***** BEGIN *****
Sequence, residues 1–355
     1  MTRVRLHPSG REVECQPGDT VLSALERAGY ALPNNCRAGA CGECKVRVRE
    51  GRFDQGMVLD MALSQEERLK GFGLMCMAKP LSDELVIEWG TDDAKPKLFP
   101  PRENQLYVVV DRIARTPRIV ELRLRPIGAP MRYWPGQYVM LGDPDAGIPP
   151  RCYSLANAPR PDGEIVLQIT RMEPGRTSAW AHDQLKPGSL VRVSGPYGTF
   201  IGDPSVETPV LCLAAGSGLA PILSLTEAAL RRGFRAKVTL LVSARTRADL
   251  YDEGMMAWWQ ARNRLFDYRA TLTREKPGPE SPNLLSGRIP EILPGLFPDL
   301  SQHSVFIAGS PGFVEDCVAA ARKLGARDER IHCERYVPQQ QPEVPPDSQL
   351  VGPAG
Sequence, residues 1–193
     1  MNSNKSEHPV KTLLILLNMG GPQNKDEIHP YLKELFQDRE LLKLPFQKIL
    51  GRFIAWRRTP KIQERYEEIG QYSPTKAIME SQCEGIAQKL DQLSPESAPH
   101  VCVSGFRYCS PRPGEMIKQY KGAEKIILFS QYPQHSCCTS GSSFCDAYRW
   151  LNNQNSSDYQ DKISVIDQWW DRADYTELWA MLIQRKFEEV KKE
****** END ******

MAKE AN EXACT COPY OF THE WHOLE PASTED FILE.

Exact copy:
Sequence, residues 1–355
     1  MTRVRLHPSG REVECQPGDT VLSALERAGY ALPNNCRAGA CGECKVRVRE
    51  GRFDQGMVLD MALSQEERLK GFGLMCMAKP LSDELVIEWG TDDAKPKLFP
   101  PRENQLYVVV DRIARTPRIV ELRLRPIGAP MRYWPGQYVM LGDPDAGIPP
   151  RCYSLANAPR PDGEIVLQIT RMEPGRTSAW AHDQLKPGSL VRVSGPYGTF
   201  IGDPSVETPV LCLAAGSGLA PILSLTEAAL RRGFRAKVTL LVSARTRADL
   251  YDEGMMAWWQ ARNRLFDYRA TLTREKPGPE SPNLLSGRIP EILPGLFPDL
   301  SQHSVFIAGS PGFVEDCVAA ARKLGARDER IHCERYVPQQ QPEVPPDSQL
   351  VGPAG
Sequence, residues 1–193
     1  MNSNKSEHPV KTLLILLNMG GPQNKDEIHP YLKELFQDRE LLKLPFQKIL
    51  GRFIAWRRTP KIQERYEEIG QYSPTKAIME SQCEGIAQKL DQLSPESAPH
   101  VCVSGFRYCS PRPGEMIKQY KGAEKIILFS QYPQHSCCTS GSSFCDAYRW
   151  LNNQNSSDYQ DKISVIDQWW DRADYTELWA MLIQRKFEEV KKE